More on Galloway’s damaging rubbish about forced marriage

April 19, 2015 at 3:47 pm (apologists and collaborators, Asshole, Feminism, Galloway, Rosie B, women)

Here’s a sober rebuttal of the nonsensical and totally irresponsible remarks George Galloway made about forced marriage.

It’s from the Muslim Women Network.

Muslim Women’s Network UK (MWNUK) is a charitable organisation with the aims of promoting equality, diversity, social inclusion and racial/religious harmony, and does not support, nor is affiliated to any political party. However in order to defend and strengthen women’s rights and in particular to promote the empowerment of Muslim women and girls, we regularly engage with, and if required challenge, politicians, political candidates, public servants and any other body or organisation where considered necessary.

It is for this reason that MWNUK deems it necessary to challenge certain insinuations made about forced marriage and domestic violence victims by George Galloway, currently the Respect Party’s PPC for Bradford West, when he commented on Labour candidate Naz Shah’s forced marriage and domestic violence experience.  Given his influence, we consider Mr. Galloway’s insinuations to be irresponsible and which will have a wider, counter productive impact on victims of forced marriage and domestic violence or those at risk.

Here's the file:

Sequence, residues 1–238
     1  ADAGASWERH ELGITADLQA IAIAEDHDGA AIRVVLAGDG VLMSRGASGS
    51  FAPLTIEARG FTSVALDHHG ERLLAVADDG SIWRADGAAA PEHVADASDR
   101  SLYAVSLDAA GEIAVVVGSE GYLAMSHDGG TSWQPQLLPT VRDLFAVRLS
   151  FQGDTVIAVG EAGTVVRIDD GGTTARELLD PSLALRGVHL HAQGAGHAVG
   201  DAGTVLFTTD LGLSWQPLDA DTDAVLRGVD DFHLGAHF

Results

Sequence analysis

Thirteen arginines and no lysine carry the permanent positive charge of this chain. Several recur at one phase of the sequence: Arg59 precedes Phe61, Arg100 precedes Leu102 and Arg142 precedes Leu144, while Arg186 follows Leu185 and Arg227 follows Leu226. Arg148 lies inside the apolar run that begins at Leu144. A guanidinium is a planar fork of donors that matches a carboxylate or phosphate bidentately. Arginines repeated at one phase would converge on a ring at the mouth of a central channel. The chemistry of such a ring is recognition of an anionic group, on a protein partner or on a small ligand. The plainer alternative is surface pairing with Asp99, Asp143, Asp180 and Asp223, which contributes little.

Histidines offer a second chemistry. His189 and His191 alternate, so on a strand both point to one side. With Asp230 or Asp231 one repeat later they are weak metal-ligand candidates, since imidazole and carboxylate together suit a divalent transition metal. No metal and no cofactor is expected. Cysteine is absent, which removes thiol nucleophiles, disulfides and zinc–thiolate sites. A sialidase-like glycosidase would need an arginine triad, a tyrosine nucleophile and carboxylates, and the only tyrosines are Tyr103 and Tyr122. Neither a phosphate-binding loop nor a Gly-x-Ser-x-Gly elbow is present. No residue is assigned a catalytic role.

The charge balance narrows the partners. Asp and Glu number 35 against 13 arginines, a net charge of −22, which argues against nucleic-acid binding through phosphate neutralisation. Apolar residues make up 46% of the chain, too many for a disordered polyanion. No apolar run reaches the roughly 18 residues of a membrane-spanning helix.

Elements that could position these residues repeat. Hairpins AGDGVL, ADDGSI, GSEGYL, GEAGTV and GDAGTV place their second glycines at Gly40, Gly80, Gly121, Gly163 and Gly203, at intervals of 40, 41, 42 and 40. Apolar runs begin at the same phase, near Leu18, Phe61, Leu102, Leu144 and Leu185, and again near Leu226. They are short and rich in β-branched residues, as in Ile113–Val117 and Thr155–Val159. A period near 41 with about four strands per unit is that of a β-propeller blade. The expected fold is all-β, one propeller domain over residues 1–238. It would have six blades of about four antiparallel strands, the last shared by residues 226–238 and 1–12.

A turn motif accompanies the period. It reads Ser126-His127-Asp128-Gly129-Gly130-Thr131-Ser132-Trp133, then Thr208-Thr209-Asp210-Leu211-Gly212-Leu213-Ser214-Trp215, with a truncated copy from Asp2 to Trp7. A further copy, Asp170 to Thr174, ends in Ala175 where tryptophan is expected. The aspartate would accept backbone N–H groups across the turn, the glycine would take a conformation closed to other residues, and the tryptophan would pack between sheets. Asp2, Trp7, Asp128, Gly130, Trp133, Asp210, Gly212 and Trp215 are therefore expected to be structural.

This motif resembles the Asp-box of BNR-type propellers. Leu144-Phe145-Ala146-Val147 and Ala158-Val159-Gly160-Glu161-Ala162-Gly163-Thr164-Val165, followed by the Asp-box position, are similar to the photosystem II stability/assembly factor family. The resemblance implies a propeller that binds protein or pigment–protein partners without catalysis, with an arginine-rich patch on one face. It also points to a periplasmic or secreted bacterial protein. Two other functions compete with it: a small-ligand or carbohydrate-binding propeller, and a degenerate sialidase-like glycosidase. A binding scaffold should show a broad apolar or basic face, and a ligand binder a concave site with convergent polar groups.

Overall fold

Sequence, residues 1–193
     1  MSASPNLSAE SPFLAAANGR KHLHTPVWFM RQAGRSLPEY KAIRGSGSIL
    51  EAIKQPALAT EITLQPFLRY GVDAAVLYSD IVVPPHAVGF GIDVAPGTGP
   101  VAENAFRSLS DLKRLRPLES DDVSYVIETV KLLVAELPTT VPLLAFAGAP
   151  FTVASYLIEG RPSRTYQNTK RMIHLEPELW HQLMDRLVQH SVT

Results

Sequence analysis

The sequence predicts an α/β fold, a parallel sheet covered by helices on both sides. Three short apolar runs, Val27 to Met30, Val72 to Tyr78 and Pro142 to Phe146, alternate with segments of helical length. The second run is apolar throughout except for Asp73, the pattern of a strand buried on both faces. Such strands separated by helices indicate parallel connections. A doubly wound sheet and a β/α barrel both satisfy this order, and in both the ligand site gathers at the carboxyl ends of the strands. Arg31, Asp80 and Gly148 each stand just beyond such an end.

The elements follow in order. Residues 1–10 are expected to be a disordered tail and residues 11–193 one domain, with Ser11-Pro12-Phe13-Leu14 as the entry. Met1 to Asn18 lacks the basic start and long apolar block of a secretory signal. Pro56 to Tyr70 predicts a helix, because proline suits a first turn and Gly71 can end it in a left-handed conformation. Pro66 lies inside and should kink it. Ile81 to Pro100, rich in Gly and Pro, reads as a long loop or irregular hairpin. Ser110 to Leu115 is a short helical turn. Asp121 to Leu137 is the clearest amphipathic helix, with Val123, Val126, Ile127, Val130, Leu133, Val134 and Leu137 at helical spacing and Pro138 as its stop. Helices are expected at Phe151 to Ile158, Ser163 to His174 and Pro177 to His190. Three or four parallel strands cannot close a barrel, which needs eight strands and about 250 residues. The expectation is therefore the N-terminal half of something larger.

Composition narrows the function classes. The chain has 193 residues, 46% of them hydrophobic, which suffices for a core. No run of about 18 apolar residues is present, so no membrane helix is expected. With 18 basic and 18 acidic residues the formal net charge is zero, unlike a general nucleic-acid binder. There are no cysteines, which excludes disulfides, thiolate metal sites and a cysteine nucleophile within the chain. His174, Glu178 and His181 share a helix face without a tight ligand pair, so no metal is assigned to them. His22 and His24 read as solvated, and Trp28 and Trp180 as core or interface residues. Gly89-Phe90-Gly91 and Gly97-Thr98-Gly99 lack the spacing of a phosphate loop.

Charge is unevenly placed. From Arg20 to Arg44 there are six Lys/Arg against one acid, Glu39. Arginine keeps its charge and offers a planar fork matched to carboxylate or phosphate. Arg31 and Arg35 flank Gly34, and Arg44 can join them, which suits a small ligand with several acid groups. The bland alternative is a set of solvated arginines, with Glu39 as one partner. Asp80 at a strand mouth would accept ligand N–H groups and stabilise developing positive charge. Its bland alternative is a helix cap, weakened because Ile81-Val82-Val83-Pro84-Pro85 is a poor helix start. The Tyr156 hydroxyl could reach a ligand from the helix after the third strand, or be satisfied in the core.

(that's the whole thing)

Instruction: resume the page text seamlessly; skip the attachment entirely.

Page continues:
When Ms. Shah shared her story publicly, she explained that she was married at the age of 15 and suffered from domestic violence.  Many women tend to remain in abusive relationships and suffer in silence.  Cultural concepts of honour and shame often prevent women from articulating their experiences openly even when they have escaped their situations. We therefore commend Ms. Shah’s courage in sharing her very personal experiences.  It is important that when survivors share their stories, which is often very difficult, that they are heard.  Only with open discussion will more victims or those at risk come forward and ask for help.

Although we cannot comment on the details of Ms. Shah’s personal experiences, we are very concerned about the misleading information regarding forced marriage and domestic violence being alluded to in the statements made by Mr. Galloway and his officials. MWNUK challenges the assertions that have been made as follows:

¥    It has been alleged that Ms. Shah could not have been married as a minor at the age of 15 because her official marriage certificate registered with the authorities in Pakistan states her age as 16 and a half.

It is not uncommon for victims of child marriage to have an unregistered Islamic (nikah) ceremony while they are under age and to later register the marriage officially once the child is over 16 especially if documents are needed to make an application for a spousal visa. It is important to recognise this can happen to children.  In fact we have come across victim stories where this has indeed happened.

¥    It has been alleged that Ms. Shah’s marriage could not have been forced because her mother was present at the marriage.